63. Economy Gaining but Not Enough to Cut Unemployment -

WASHINGTON (AP) – The economy is showing signs of modest improvement – not enough to reduce high unemployment but enough to ease fears that another recession might be near.

Fewer people applied for unemployment benefits last week, though some of that was due to technical factors. And the economy grew slightly more in the April-June quarter than previously estimated. Growth is also expected to tick up in coming months.

64. Analysis: Democrats Hit Reset on Health Care -

WASHINGTON (AP) – Weary of getting pounded over the new health care law, Democrats are hitting the reset button for next year's elections.

They're changing the subject to Medicare.

65. Obama, GOP Trumpet Jobs Plans in Silicon Valley -

MOUNTAIN VIEW, Calif. (AP) – The debate over how to create jobs has moved to Silicon Valley, where the president and Republican leaders were each taking to the Internet to trumpet their agendas and win over young voters.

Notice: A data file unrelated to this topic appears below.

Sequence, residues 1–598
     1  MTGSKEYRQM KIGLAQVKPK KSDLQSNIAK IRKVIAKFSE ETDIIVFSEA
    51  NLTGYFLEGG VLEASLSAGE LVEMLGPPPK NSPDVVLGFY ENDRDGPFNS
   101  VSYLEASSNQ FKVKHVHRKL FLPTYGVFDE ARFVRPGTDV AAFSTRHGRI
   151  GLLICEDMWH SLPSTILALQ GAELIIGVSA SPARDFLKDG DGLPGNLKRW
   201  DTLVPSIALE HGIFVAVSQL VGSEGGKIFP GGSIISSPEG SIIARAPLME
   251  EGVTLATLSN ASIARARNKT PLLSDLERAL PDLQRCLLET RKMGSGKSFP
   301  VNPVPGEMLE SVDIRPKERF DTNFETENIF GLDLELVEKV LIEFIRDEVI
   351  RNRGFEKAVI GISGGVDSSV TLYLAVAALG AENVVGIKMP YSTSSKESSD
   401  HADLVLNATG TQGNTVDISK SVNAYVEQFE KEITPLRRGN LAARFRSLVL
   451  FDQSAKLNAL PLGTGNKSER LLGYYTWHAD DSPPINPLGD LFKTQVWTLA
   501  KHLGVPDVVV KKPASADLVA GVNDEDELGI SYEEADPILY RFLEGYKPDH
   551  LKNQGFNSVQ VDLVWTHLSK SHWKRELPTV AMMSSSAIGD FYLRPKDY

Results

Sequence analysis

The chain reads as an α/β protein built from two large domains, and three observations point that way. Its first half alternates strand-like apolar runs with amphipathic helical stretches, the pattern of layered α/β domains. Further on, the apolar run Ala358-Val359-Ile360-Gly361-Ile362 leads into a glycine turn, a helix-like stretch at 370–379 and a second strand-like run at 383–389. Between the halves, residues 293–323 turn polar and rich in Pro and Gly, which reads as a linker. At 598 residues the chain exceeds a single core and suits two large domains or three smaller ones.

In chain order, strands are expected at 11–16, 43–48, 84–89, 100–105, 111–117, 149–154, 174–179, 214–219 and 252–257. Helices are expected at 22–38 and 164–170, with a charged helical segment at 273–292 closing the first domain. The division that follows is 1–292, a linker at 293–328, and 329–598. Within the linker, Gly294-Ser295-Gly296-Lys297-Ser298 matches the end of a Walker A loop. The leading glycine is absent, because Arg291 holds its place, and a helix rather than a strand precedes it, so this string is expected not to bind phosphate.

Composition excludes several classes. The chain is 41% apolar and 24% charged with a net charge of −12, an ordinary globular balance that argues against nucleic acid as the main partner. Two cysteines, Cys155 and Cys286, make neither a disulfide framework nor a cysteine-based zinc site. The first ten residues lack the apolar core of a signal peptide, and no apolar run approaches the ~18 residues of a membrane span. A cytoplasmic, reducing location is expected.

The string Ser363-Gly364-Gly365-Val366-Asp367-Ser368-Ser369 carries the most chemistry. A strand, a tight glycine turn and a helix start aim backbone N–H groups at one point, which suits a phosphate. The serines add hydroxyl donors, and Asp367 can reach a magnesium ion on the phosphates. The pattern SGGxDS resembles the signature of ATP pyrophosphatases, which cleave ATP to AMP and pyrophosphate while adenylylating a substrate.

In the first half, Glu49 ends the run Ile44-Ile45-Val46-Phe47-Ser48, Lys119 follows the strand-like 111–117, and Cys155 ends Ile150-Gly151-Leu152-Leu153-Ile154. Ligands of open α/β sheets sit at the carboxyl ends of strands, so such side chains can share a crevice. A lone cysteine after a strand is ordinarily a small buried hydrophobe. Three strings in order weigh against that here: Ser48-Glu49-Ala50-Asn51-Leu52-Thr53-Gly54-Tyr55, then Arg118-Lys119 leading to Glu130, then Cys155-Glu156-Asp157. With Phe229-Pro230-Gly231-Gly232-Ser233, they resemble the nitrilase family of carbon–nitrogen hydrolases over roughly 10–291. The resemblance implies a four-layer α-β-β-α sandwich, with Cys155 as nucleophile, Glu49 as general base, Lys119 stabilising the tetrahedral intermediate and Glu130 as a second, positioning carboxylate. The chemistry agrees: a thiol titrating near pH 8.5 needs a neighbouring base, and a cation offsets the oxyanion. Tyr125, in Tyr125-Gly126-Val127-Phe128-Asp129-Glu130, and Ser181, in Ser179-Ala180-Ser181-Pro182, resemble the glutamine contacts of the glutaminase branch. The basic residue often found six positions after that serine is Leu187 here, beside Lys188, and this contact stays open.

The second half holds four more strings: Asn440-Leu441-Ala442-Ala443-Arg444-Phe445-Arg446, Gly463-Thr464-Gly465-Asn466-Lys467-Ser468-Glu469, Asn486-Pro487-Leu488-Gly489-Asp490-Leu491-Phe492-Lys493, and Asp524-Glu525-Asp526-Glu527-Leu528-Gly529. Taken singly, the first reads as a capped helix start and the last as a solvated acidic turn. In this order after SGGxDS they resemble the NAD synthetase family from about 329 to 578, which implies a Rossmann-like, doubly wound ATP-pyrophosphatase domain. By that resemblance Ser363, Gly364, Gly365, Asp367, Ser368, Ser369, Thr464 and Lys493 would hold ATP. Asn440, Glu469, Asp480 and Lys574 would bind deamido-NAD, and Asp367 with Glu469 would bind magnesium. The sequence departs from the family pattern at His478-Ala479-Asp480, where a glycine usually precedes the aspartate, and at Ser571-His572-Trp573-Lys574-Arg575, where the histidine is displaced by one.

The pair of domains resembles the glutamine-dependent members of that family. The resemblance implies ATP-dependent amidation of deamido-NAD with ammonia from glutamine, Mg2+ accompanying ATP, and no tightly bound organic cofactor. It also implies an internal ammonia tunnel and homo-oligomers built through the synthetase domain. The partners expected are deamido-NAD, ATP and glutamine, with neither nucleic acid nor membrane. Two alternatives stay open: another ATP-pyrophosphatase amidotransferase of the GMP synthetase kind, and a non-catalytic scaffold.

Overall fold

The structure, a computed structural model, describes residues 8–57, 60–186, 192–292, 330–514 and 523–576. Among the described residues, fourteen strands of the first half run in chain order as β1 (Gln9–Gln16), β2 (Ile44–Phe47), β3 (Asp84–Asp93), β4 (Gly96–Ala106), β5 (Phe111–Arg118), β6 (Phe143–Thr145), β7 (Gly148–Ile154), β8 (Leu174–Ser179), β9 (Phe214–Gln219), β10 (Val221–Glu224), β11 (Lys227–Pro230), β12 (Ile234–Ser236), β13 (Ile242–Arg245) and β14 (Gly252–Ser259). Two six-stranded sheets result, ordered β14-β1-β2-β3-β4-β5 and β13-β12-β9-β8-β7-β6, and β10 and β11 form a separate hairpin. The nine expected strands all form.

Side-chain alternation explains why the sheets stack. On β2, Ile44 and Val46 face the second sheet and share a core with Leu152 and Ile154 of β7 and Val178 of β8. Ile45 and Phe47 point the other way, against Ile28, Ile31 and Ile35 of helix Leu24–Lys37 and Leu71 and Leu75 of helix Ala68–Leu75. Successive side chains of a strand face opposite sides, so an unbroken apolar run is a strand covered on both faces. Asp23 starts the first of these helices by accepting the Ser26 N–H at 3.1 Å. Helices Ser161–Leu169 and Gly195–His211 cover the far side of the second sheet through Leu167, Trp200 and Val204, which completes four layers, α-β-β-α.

66. Greenspan: Controlling Gov't Debt Will be Painful -

WASHINGTON (AP) – Former Federal Reserve Chairman Alan Greenspan says there is no credible way to control the government's debt without inflicting pain on the economy.

Greenspan is telling members of a Senate Finance Committee Tuesday that the country has waited too long to address the problem.

67. Employers Add No Net Jobs in Aug.; Rate Unchanged -

WASHINGTON (AP) – Employers stopped adding jobs in August, an alarming setback for an economy that has struggled to grow and might be at risk of another recession.

The government also reported that the unemployment rate remained at 9.1 percent. It was the weakest jobs report since September 2010.

68. 4-Month Low in Unemployment Claims Eases Fears -